Local government settlement shows Government is not in listening mode

By Ian Miller | 09 February 2021

The final local government settlement brought no cheer. The Government didn’t listen to the representations that councils, including districts, submitted. New homes bonus allocations for 2021-22 will be based on housing growth in the 12 months to October 2020, using a 0.4% pre-COVID threshold. No account was taken of the impact of COVID on building during half of that period.

A higher threshold for the Mayor of London apart, there was no shift in proposals for criteria for ‘excessive’ council tax increases. The Government presented no compelling reason why the maximum increase for districts should be 2% or £5, a figure that has applied for several years and has not been adjusted to allow for erosion in the value of money. Nor a reason why, in comparison, police and crime commissioners should be allowed to increase by up to £15. In many shires, police council tax has leap-frogged the district share. For councils, the consultation seems a sham. The decisions were taken long ago by the Treasury. The Spending Review on 25 November said ‘the referendum threshold for increases in council tax will remain at 2% in 2021-22’ ignoring the statutory requirement to consult and the process for the House of Commons to approve the referendum principles.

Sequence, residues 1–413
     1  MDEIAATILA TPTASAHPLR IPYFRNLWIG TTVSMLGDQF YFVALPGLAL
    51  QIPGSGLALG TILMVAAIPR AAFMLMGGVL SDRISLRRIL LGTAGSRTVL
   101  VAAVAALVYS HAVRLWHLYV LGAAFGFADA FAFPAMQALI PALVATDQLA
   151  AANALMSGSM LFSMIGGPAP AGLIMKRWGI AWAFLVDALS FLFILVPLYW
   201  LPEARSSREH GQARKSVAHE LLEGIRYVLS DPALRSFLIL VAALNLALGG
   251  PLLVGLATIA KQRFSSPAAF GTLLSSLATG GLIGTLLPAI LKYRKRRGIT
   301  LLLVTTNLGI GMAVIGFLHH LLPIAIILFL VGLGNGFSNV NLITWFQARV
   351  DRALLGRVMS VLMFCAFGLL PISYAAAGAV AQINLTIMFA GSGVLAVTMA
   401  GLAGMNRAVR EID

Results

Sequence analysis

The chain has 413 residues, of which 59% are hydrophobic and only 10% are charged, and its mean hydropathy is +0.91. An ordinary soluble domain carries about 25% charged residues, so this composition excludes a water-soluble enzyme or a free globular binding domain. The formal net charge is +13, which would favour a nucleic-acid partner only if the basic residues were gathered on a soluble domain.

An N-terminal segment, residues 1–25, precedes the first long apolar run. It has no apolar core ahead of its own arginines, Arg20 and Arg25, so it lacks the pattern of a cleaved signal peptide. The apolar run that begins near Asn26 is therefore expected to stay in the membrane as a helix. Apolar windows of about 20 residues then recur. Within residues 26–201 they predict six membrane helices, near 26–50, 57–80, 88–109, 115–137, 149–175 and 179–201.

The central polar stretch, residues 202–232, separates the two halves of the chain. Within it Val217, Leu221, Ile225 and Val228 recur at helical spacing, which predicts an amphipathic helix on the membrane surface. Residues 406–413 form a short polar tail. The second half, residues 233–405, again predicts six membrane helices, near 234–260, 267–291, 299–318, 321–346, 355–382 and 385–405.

The Ministry didn’t listen to representations about the name of the new ‘lower tier services grant’. Districts are grateful for it (as are unitary councils who also benefit). It reinforces the Whitehall preoccupation with using unnecessarily hierarchical language. What would have been wrong with community services grant or local services grant?

The ‘request’ for billing authorities not to send out business rates bills because of the Budget on 3 March gives the game away: there will be more reliefs, decided centrally. Billing in many councils would otherwise have been under way by then. If the approach devised by the Government requires software changes, there is a severe risk that getting out bills in time for instalments on 1 April will be jeopardised.

As always, Whitehall knows best.

Ian Miller is chief executive of Wyre Forest DC


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